CytoReason, a leader in machine learning for drug discovery and development, announced that it has entered into a collaboration agreement with Pfizer Inc. that will leverage CytoReason’s cell-centered models of the immune system.
CytoReason will receive from Pfizer payments potentially equaling up to low double digit millions of US$ for technology access fees, research support and certain success-based payments.
CytoReason’s proprietary platform helps rebuild lost cellular information from gene expression data and associates genes to specific cells. This information is then integrated with additional omics and literature data to create a cell-based model of the trial-specific immune response. Integration with the CytoReason disease model empowers the study analytics and allows the model to learn and improve, leading to robust target discovery, drug response biomarkers and indication selection.
“We believe that CytoReason’s platform has the potential to offer valuable insights that may be applied to our research into the human immune system,” said Michael Vincent, Chief Scientific Officer, Inflammation & Immunology, Pfizer. “Leveraging technologies such as this can help us understand disease and prioritize targets, and support our mission of bringing innovative new therapies to patients who need them.”
“The collaboration with Pfizer will further strengthen our models in our core therapeutic areas. This will be our fifth major partnership, which we believe will help make our model unparalleled in its accuracy for assets across the pipeline,” said David Harel, CytoReason’s CEO. “CytoReason’s model brings together thousands of samples on a cell-protein-gene level, allowing for fast and accurate insights.”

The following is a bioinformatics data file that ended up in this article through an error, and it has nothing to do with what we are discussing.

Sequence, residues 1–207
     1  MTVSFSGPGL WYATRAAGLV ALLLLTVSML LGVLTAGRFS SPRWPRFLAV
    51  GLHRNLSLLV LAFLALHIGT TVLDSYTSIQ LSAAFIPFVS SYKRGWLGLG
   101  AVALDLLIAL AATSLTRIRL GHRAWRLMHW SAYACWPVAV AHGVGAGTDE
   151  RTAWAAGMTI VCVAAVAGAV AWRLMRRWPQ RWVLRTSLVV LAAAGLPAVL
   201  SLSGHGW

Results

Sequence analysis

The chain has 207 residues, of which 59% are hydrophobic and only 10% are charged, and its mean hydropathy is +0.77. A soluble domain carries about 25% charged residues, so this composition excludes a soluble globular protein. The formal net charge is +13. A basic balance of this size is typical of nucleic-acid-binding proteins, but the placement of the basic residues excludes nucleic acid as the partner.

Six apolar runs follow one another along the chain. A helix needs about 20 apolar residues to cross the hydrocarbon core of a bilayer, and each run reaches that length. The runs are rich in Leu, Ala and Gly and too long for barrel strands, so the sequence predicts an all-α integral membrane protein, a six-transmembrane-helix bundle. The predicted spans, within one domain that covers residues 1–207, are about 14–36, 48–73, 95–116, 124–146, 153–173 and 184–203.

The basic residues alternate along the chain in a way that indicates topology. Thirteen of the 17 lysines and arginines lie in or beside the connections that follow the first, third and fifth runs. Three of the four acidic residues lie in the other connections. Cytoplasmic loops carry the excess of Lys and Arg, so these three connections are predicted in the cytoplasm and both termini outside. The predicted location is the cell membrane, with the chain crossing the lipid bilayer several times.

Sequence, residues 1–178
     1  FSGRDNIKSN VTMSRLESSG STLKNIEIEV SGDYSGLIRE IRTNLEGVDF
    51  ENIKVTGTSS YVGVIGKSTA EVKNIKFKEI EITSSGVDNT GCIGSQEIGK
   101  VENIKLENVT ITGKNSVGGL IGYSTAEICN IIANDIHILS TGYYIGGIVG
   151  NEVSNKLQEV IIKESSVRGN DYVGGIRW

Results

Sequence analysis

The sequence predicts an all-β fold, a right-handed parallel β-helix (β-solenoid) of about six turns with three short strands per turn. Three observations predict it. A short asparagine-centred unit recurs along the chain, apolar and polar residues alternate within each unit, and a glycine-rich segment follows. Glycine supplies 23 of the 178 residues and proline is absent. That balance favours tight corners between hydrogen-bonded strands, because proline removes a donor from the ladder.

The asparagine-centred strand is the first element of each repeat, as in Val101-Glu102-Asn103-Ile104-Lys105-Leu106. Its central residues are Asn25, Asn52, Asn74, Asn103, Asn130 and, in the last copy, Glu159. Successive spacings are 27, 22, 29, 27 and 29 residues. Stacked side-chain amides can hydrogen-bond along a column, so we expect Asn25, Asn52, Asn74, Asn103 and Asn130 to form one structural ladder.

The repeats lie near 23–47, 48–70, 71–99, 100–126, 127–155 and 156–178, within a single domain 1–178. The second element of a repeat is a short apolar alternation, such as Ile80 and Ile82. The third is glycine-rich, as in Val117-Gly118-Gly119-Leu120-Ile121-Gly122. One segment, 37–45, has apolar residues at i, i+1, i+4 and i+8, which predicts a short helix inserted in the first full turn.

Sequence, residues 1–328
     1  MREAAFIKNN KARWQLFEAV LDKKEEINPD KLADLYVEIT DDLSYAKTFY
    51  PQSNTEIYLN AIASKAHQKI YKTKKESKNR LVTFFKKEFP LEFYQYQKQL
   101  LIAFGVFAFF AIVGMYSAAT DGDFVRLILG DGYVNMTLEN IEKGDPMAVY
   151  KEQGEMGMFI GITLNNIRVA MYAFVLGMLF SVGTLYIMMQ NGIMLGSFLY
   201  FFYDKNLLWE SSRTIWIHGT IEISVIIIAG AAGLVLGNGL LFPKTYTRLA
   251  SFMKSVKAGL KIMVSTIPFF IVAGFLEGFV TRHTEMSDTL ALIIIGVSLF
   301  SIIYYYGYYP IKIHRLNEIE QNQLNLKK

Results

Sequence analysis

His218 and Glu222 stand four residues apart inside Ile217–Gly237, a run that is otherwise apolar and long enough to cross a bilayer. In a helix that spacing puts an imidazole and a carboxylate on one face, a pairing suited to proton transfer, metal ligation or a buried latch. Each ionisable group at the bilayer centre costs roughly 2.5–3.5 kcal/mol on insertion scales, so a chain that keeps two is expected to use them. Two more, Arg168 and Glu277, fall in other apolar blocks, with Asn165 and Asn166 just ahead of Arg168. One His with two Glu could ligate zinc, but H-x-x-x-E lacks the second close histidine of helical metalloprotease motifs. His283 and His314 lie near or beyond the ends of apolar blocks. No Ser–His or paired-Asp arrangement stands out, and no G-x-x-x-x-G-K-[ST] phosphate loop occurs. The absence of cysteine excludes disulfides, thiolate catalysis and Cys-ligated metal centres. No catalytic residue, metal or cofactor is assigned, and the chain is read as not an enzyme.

Based on more than 10 years of research, CytoReason’s technology uses a proprietary data and machine learning model to reconstruct cellular information from bulk tissue, to train an immune-specific NLP engine, and to integrate multi-omics data. The company’s platform organizes and standardizes collaborators’ data (gene, protein, cell, and microbiome) and integrates it into CytoReason’s proprietary disease model to generate mechanistic understanding of the immune system, leading to novel insights.
CytoReason’s technology has yielded 2 pending patents, 10 commercial and scientific collaborations and 16 peer reviewed publications. Fully applicable to cancer immunotherapy, autoimmune, neurodegenerative and infectious disease research, CytoReason is at the cutting edge of society’s boldest attempts to improve health outcomes through better understanding of the immune system.